Monday, 12 January 2009
Radar Refractivity Retrievals from KTLX: Benefits and Limitations to Operational Forecasting
Hall 5 (Phoenix Convention Center)
The KTLX Spring 2007 and 2008 Refractivity Experiments were designed to investigate the potential utility of high-resolution, near-surface refractivity measurements to operational forecasting. During the experiments, forecasters at the Norman, Oklahoma National Weather Service Forecast Office assessed refractivity and scan-to-scan refractivity difference products retrieved from the Weather Surveillance Radar-1988 Doppler weather radar near Oklahoma City (KTLX). In both 2007 and 2008, forecasters completed a survey designed to measure the impact of refractivity products on forecast operations. Analysis of the 27 surveys completed in 2007 revealed that refractivity products were most useful to forecasters for evaluating changes in the low-altitude temperature and moisture undetectable in the Oklahoma Mesonet or KTLX reflectivity data.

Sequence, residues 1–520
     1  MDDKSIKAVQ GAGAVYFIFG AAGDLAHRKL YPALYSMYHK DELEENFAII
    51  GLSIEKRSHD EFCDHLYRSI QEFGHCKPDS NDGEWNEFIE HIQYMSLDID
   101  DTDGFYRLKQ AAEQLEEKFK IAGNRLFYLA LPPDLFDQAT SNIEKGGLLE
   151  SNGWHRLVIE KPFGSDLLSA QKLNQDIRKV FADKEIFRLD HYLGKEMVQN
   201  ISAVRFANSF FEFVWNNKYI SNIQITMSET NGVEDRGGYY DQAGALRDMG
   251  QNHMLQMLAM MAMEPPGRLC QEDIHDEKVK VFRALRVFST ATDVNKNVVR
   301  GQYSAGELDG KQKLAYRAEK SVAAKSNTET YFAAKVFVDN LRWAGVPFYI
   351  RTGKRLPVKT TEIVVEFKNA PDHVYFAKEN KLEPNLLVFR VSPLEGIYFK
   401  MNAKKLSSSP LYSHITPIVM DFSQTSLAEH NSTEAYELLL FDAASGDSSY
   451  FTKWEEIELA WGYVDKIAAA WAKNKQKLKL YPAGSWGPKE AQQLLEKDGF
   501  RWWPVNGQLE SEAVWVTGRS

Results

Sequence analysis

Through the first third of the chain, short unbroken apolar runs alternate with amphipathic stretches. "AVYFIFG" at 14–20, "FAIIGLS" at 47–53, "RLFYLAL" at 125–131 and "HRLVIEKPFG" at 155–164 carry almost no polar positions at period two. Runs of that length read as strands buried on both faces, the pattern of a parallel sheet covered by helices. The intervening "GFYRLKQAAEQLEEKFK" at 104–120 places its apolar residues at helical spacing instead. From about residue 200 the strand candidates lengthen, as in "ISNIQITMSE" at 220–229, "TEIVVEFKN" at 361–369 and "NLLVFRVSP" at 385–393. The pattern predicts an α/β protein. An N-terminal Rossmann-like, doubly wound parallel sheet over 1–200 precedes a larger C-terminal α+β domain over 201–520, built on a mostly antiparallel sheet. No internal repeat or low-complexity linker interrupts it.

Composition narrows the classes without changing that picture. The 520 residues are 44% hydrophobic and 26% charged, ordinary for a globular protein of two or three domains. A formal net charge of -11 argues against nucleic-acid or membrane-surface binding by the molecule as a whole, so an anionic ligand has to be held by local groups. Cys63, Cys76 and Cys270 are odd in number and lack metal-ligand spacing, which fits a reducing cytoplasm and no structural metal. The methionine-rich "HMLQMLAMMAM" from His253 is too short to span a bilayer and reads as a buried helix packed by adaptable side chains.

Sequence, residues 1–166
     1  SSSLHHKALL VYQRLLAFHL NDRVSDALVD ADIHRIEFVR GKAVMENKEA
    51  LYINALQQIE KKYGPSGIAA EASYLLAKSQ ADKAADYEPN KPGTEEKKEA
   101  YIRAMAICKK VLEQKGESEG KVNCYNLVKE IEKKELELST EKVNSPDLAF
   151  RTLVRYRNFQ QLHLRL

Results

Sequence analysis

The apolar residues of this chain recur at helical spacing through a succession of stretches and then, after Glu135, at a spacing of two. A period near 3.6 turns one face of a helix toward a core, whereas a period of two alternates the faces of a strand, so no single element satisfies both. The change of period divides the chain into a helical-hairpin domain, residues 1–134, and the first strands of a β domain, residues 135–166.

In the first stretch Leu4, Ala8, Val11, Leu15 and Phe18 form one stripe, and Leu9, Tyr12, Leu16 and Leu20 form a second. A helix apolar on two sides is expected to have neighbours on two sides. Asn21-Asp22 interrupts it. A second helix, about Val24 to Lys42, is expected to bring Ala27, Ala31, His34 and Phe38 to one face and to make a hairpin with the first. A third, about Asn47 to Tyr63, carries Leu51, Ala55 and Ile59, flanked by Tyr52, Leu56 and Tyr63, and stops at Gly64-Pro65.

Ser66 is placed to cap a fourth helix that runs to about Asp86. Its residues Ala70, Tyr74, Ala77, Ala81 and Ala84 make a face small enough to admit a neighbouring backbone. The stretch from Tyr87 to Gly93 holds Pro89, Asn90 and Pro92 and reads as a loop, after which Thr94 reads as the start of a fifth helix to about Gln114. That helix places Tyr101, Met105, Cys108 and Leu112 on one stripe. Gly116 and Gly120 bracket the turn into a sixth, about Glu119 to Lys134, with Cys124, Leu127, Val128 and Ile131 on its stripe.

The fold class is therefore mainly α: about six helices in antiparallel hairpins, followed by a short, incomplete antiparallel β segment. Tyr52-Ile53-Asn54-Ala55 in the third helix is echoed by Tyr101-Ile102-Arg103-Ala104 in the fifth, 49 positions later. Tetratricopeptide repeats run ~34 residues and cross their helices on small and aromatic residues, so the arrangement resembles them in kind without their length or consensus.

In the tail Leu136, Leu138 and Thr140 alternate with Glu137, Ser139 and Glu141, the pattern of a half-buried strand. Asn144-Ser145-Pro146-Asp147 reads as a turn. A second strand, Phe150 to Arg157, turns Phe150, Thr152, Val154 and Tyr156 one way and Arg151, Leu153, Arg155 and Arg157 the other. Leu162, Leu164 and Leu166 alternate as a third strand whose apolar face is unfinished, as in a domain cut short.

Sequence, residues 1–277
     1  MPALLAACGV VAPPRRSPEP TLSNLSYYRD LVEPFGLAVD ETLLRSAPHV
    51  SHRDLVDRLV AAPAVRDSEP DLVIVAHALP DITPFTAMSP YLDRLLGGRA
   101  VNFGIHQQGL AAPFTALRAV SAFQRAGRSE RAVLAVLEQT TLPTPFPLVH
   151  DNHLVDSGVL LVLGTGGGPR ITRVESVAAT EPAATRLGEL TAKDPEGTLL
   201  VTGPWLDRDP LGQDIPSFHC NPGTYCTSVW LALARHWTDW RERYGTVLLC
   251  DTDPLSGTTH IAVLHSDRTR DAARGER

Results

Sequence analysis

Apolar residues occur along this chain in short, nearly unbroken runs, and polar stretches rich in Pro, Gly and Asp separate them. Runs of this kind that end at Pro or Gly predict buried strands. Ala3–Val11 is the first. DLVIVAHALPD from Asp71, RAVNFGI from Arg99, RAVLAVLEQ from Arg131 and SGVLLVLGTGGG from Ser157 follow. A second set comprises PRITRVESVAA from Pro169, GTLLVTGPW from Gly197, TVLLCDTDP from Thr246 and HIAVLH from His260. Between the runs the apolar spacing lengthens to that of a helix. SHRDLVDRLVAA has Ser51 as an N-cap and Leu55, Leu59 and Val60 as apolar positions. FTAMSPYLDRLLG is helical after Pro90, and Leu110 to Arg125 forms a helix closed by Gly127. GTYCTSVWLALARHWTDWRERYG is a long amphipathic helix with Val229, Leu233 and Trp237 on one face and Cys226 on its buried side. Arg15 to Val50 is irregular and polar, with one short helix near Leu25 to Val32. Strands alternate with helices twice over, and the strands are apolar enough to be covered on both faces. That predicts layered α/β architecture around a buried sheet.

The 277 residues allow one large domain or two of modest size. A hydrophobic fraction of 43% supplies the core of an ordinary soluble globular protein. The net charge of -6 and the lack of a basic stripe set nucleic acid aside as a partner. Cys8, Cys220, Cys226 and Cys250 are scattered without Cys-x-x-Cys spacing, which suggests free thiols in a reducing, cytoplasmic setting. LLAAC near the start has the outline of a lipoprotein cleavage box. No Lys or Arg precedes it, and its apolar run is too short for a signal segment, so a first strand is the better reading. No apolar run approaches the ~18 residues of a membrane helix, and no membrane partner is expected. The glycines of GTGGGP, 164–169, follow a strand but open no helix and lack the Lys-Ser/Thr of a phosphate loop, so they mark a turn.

Confidence ratings depended on the correspondence of refractivity products to familiar operational data sets like the Oklahoma Mesonet, KTLX reflectivity factor, and visible satellite. Forecasters preferred the refractivity product when the near-surface environment was fairly homogeneous, and preferred scan-to-scan refractivity difference when moisture gradients were present. Traditional techniques for identifying boundaries outperformed refractivity techniques when horizontal moisture and/or temperature gradients were weak. Findings from the 2008 Refractivity Experiment will be included in the extended abstract.